Charcot-Marie-Tooth disease type 4J (CMT4J) is caused by recessive, loss-of-function mutations in FIG4, encoding a phosphoinositol(3,5)P2-phosphatase. CMT4J patients have both neuron loss and demyelination in the peripheral nervous system, with vacuolization indicative of endosome/lysosome trafficking defects. Although the disease is highly variable, the onset is often in childhood and FIG4 mutations can dramatically shorten lifespan. There is currently no treatment for CMT4J. Here we present the results of preclinical studies testing a gene therapy approach to restore FIG4 expression. A mouse model of CMT4J, the Fig4-pale tremor (plt) allele, was dosed with a single-stranded AAV9 to deliver a codon-optimized human FIG4 sequence. Untreated, Fig4plt/plt mice have a median survival of approximately 5 weeks. When treated with the AAV9-FIG4 vector at postnatal day 1 or 4, mice survived at least one year, with largely normal gross motor performance and little sign of neuropathy by neurophysiological or histopathological evaluation. When treated at postnatal day 7 or 11, life span was still significantly prolonged and peripheral nerve function was improved, but rescue was less complete. No unanticipated adverse effects were observed. Therefore, AAV9-mediated delivery of FIG4 is a well-tolerated and efficacious strategy in a mouse model of CMT4J.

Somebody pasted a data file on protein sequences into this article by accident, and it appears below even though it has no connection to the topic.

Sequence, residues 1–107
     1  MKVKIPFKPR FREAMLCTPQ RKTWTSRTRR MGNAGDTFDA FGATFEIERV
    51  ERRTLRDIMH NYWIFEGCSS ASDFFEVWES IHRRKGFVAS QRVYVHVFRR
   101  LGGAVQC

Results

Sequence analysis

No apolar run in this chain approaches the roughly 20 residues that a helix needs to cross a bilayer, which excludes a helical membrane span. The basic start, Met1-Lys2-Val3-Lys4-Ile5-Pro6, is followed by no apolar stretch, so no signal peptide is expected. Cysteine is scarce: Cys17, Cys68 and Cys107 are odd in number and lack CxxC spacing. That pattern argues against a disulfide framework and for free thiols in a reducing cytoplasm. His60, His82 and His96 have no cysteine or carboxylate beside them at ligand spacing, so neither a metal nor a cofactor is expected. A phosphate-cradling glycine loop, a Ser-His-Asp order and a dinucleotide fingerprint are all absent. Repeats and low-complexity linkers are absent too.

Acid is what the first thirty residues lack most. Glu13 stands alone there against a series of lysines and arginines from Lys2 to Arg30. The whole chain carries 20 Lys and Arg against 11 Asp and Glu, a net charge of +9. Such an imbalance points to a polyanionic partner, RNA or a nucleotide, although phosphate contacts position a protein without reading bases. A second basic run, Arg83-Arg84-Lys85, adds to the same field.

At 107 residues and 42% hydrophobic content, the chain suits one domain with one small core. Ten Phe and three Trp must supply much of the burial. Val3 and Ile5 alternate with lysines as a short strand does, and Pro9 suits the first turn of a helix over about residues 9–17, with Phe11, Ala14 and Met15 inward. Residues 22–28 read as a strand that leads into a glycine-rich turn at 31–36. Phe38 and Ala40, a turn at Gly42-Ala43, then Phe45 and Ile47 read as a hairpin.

Maximiliano Presa, Rachel M. Bailey, Crystal Davis, Tara Murphy, Jenn Cook, Randy Walls, Hannah Wilpan, Laurent Bogdanik, Guy M. Lenk, Robert W. Burgess, Steven J. Gray, Cathleen Lutz